Asian markets edged up as investors remained bullish about the outlook for the global economy while the dollar held gains at the end of a week that saw inflation in the United States and China hit highs not seen in decades.
A respite in the crisis surrounding troubled Chinese developer Evergrande, and reports that Beijing was planning to ease financial rules on the property sector, also provided some much-needed support to the region.
Wall Street offered a broadly upbeat lead after two days of losses fanned by concerns that a forecast-beating spike in prices last month would force the Federal Reserve to wind down its vast bond-buying stimulus scheme quicker than thought and lift interest rates sooner.
However, analysts said dealers remained hopeful that the inflation spurt would not be long-lasting and flatten out as supply chains normalise and employment numbers increase, and that the Fed would not likely change its plans to go slow in removing policy support.
Meanwhile, a better-than-expected earnings season — which came despite the jump in prices and problems accessing supplies — has given traders confidence that the recovery was still on track.
“Inflation could remain elevated in the coming months, and each inflation release that comes in above expectations has the potential to cause volatility in rate and equity markets, but we still don’t expect inflation to derail the equity rally,” Mark Haefele of UBS Global Wealth Management said.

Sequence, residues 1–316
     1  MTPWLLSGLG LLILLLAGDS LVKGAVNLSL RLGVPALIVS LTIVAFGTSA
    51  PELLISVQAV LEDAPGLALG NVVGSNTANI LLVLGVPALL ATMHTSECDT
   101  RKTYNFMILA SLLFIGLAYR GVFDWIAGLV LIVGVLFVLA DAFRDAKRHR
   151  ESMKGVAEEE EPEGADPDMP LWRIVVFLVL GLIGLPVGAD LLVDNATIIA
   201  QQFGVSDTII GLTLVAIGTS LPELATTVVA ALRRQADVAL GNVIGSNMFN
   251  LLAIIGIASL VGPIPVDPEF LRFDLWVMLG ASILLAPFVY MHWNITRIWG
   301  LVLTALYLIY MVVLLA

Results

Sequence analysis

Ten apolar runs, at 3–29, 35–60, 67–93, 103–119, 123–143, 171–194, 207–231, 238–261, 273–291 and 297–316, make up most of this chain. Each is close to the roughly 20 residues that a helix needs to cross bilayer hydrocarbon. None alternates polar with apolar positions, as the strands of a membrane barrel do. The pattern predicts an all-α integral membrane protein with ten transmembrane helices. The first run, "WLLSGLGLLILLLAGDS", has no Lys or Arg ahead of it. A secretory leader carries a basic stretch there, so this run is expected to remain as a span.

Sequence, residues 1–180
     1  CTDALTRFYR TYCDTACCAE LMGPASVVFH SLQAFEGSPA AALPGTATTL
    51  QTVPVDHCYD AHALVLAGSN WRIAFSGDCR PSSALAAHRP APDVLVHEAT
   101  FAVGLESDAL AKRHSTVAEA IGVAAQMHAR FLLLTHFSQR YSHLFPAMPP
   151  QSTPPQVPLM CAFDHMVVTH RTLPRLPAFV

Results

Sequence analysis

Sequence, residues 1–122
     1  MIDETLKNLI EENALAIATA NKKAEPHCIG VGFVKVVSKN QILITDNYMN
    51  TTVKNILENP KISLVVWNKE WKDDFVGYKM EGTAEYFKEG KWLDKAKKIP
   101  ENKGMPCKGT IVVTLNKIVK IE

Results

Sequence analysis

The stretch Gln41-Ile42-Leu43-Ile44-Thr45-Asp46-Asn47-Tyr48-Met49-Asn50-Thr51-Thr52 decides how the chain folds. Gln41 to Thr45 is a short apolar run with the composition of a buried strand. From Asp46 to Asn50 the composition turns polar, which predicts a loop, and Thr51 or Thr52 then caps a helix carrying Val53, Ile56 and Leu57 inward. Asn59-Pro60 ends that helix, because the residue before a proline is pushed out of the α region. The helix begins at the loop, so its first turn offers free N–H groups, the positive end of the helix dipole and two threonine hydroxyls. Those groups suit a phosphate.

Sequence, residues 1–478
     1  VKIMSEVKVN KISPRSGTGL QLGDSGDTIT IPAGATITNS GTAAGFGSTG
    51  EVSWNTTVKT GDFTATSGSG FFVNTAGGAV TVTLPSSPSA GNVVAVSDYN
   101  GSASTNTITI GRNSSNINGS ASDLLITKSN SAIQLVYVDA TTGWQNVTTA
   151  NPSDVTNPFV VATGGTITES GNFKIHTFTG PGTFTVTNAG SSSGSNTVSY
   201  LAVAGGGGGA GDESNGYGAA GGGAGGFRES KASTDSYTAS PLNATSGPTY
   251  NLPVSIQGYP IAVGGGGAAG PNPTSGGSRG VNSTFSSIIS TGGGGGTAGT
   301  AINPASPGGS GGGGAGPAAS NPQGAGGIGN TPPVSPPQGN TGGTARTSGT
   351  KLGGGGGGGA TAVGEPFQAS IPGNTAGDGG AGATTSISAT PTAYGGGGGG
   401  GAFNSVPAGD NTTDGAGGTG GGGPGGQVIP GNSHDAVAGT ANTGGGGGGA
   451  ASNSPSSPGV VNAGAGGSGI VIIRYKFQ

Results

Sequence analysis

Still, the prospect of higher rates has boosted the dollar, which remains elevated after hitting a four-year high against the yen this week, while it is also enjoying a healthy run-up against the pound and euro.
On equity markets, Tokyo rose as exporters were boosted by the weaker yen, while Sydney and Seoul also rose more than one percent. There were also gains in Shanghai, Singapore, Taipei and Manila, though Wellington and Jakarta struggled.
Hong Kong extended Thursday’s advances, helped by a rally in tech firms, which have suffered a torrid year as China cracked down on the sector.
However, there were mixed fortunes for e-commerce giants Alibaba and JD.com after saying sales during China’s Singles Day extravaganza hit a record, despite the Beijing regulatory efforts.
Alibaba dropped almost 0.5 percent but JD climbed more than five percent.
Investors in the city were also given a boost from news Thursday that China Evergrande had met its bond payment obligations ahead of a deadline, averting a default and buying it some breathing space as it struggles under a mountain of debt. Evergrande ended up nearly 10 percent.
Evergrande is among a number of Chinese developers caught in a regulatory clampdown on speculation and leverage in the property sector.
But authorities now appear to be rolling back some rules, with state media suggesting measures to help developers tap debt markets and allow them to access much-needed cash.
London, Paris and Frankfurt all rose at the open.